of 1/1.6... and pocketable... yearn

width: 7.600 / height: 5.700 / diagonal: 9.500 / diameter 14.941 millimeters


xenarshooter
  #17  
Old September 6th 07, 09:55 AM posted to rec.photo.digital,rec.photo.digital.zlr
ASAAR
external usenet poster
 
Posts: 6,057
Default Making sense of the sensor size?

On Tue, 4 Sep 2007 12:53:12 -0700, xenarshooter wrote:

You can be sure they want to keep it confusing to the customers by not
showing how small a sensor they are buying, mine is a 1/1.7... (s6000fd)
because they want folks in a "happy buying dillusion" and so happy
with what they buy. I did my research, and it's all I need in a digital,
for quality and budget. But that new f50fd has a larger sensor of 1/1.6...
and pocketable... yearn

width: 7.600 / height: 5.700 / diagonal: 9.500 / diameter 14.941
millimeters


But how does the number of megapixels compare? If the F50fd has
significantly more than the S6000fd, then the S6000fd has the better
sensor of the two. F50fd == 12mp, S6000fd == 6mp. If you want a
pocketable Fuji, yearn for an F31fd (6mp) or an F40fd (8mp), NOT the
F50fd. The F31fd would probably be the best choice, if you can
still find one.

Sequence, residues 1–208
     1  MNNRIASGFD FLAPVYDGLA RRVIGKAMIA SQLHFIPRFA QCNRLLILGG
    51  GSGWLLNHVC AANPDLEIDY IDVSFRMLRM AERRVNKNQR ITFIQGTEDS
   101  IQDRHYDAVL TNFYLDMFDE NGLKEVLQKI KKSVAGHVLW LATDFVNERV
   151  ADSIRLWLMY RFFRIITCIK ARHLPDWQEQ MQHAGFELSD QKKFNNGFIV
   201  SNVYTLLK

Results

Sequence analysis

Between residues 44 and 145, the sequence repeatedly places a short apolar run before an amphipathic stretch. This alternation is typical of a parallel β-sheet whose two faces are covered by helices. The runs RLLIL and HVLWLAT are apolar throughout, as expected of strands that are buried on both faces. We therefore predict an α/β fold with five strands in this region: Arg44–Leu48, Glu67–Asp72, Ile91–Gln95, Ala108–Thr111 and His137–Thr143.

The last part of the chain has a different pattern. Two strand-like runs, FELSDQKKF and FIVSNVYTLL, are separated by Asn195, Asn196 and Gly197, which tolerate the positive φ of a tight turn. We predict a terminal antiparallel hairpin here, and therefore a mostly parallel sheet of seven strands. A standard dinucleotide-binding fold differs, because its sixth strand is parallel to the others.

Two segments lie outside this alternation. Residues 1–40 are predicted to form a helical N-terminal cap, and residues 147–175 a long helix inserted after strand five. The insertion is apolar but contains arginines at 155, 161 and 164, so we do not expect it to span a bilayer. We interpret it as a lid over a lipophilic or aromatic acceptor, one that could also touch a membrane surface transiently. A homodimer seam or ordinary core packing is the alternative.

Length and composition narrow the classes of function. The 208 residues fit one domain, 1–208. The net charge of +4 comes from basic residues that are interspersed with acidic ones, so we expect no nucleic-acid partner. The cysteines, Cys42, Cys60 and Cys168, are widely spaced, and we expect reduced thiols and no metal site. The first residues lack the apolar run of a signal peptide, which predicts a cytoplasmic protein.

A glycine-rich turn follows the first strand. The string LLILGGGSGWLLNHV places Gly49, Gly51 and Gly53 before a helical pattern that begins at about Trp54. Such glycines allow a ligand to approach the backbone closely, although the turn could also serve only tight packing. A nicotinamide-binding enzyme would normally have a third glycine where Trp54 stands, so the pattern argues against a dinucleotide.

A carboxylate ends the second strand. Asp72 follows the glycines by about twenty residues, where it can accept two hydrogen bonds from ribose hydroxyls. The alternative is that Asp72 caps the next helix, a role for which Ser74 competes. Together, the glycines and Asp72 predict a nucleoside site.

Thread Tools
Display Modes

Posting Rules
You may not post new threads
You may not post replies
You may not post attachments
You may not edit your posts

vB code is On
Smilies are On
[IMG] code is On
HTML code is Off
Forum Jump

Similar Threads
Thread Thread Starter Forum Replies Last Post
Making sense of the sensor size? RPS Digital Photography 21 September 6th 07 09:55 AM
sensor size? SJ[_2_] Digital Photography 10 July 4th 07 04:01 PM
question about relationship between sensor size and print size. ftran999 Digital Photography 8 February 22nd 07 03:37 PM
sensor size John Digital Photography 11 January 9th 06 07:03 PM
Framed and Exposed: Making Sense of Camera Sensors Frank ess Digital Photography 0 July 7th 04 05:18 AM


All times are GMT +1. The time now is 10:52 AM.


Powered by vBulletin® Version 3.6.4
Copyright ©2000 - 2018, Jelsoft Enterprises Ltd.
Copyright 2004-2018 PhotoBanter.com.
The comments are property of their posters.